I have a list of paragraphs, and would like to have the <$paratext> as cross referenced, but the resulting tabstop . . . . and <$pagenum> not generate the link. I thought I had seen a building block that would accomplish this, but have not been able to find it.
I thought of trying a work around with multiple run in paragraph tags, but I only have the one paragraph tag to generate the final <$pagenum>, so run in paragraph would cause issues.
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Are you trying to remove the tab leader and page number from a generated list of paragraphs?
To do that, you would delete the tab and the <$pagenum> from the paragraph entry on the LOP reference page.
If that's not what you're trying to do, can you describe further or provide a screenshot?
What I'm after is a list that shows:
<$paratext>. . . . . . . . . . . . . . . . . . . . . . . . . . . <$paranum>
However, I only want the <$paratext> to generate the cross reference to the section in the book. I don't want to have the . . . . tabstop or <$paranum> as a clickable item in the table.
Sorry, in my example, I meant <$pagenum> not <$paranum>. The only way I can think that it would be possible, is to use two separate paragraph tags to generate each entry. The original headings <$paratext> as a run in paragraph, followed by a tabstop on the reference page, followed by another tag that would generate the <$pagenum> entry for the link. However, I don't have a second paragraph tag that would generate the appropriate page number for the heading. If I use the same tag again, it's a run in and messes up the formatting. I'm thinking possibly putting in a black body tag after that, and trying it out.
Ok, so you want to display the tab leader and #, but not have it part of the hyperlink.
If adding a character tag to the <$paratext> building block doesn't do it (and I don't expect it to), then I think you're out of luck.
Just out of curiosity, what's driving the decision to omit the hyperlink on the tab and #?
Customer wants it to look a certain way, but doesn't like that the rest of the line shows up as a link. Ideally, both would have the hyperlink removed, but they'd be happy with just the tabstop being non clickable.
I tried using additional paragraph tags in the reference page, but of course since they're not included in the paragraph tags used to generate the list, they don't show up anywhere but on the reference page. Was worth a try.
I was hoping there was some sort of building block that I could add, like a character tag that would remove the functionality.
When you say "look a certain way" are you describing the appearance on the page (at rest) or the appearance when clicked?
A character tag on the text in the reference page (applied to tab and <$pagenum> blocks) can control the appearance at rest.
It's more about the functionality, than the appearance. The line should look something like this, for a heading on page 34:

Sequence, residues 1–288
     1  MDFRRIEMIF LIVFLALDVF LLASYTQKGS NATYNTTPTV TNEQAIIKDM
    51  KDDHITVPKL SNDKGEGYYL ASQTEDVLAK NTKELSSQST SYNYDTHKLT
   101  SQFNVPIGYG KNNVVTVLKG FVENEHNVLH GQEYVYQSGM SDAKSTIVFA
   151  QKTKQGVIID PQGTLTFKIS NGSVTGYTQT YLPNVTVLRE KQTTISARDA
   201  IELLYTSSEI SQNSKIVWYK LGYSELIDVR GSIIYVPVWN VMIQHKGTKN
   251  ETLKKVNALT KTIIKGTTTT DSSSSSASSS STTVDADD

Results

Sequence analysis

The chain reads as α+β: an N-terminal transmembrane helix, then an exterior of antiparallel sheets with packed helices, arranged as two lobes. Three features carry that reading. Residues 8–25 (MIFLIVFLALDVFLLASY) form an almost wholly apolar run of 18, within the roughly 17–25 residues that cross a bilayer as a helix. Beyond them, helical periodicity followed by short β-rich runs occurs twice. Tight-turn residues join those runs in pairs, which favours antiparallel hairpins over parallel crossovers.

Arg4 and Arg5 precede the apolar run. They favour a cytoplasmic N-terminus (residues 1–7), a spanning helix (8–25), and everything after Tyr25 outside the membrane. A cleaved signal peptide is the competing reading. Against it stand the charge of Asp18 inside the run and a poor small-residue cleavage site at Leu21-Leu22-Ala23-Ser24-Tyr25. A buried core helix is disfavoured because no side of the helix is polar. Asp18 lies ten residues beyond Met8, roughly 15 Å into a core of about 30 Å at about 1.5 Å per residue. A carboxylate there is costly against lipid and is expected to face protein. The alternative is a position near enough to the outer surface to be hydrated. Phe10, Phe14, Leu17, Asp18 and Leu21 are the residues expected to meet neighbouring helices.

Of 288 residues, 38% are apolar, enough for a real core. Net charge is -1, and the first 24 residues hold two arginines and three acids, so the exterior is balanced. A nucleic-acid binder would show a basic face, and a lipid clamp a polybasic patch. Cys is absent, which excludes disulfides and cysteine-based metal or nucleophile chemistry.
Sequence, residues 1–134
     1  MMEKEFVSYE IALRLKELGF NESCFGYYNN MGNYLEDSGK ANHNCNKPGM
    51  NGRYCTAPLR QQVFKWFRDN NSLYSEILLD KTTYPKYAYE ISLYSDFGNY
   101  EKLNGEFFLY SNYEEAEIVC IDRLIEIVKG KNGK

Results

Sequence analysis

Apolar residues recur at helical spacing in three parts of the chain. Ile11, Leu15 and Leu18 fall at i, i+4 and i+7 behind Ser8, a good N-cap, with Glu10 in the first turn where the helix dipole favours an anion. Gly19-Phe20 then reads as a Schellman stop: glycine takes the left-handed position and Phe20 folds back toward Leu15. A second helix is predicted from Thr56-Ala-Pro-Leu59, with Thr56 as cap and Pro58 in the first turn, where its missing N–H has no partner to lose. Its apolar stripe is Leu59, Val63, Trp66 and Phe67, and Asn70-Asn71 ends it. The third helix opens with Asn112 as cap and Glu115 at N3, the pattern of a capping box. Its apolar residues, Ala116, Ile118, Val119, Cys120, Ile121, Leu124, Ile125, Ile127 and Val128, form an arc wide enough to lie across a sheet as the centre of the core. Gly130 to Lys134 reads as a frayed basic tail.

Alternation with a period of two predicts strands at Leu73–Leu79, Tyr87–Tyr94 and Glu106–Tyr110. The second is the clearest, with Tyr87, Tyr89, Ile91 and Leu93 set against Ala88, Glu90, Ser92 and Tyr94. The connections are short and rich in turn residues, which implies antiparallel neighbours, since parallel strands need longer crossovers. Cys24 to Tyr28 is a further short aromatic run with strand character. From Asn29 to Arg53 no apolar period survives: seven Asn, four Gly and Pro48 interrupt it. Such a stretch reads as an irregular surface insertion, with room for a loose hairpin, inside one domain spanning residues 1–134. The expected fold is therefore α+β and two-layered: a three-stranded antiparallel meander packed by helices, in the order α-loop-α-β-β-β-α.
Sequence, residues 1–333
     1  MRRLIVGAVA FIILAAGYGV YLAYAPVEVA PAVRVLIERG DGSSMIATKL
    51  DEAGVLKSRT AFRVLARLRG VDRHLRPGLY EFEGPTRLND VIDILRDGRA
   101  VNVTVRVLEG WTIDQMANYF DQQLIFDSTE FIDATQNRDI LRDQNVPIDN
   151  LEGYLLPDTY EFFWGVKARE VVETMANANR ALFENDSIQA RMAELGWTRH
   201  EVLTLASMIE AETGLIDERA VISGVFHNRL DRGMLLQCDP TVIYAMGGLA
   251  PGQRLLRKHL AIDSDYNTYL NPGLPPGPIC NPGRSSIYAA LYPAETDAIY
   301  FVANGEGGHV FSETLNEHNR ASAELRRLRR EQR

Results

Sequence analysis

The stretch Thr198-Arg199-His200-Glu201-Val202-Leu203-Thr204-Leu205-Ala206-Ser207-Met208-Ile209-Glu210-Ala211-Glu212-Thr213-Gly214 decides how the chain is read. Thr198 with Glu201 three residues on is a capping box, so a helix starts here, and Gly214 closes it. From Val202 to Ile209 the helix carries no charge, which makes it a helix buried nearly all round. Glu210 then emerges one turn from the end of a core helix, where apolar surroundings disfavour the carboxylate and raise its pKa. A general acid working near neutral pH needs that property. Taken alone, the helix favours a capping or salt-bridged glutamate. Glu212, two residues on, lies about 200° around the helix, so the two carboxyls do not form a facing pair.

This is my Heading . . . . . . . . . . . . . . . . . . . . . . . . . . . . .34
However, functionally, they're only interested in having the "This is my Heading" to be the actual clickable portion of the list. The following leading dots and page number should just be for visual reference. (They wouldn't mind if the page number was also still linked, but it's the leading dots that they don't like to be part of the actual link. I hope that makes sense. We don't use any special character formatting in the list, so changing the appearance isn't really an issue.
I know this question has been answered, but this thread doesn't seem to contain an explanation for why applying a character format to the first building block makes a difference. Here's a description.
Each entry in a generated file is a separate paragraph that begins with a hypertext marker. That marker defines the destination of the link. The hot text of the link is the marker and all adjacent content in the paragraph that uses the same character format. As soon as you apply a character format, therefore, you terminate the hot text. Your example shows <$paratext> as the only bold part of the paragraph, so setting up the formatting solved the problem. Had you wanted to use the same font throughout, you could have simply applied a format that set all properties to As Is.
I do not know, if everything is clear now. Therefore here a short instruction what to do:
1 In the TOC create a character format with everything set to As Is: Open the Character Designer pod and click in the margin of your page (not in any text frame). In the Character Designer pod everything should be set to As Is. Enter a name for your character format, e.g. NoHyperlink.
2 Open the reference page view of your TOC.
3 Go to the page which controls the TOC. In my version it's called TOC.
4 Go to the paragraph with the format which you want to adapt, e.g. Heading1TOC.
It looks something like:
Apply your character format to the text after <$paratext>. This is the tab and <$pagenum>.
5 Then open the Body page view and update your book.
Now you have still the same appearance, but only the paragraph text is a hyperlink. The tab and the page number are only regular text. The hyperlink extends only until the character format starts.
The concept of the active area is explained in the FrameMaker user guide:
Then, as Matt said, all you have to do is go into the Reference page and delete the tab and the <$paranum> building block, then regenerate the file. You'll have a list of just the paragraph texts.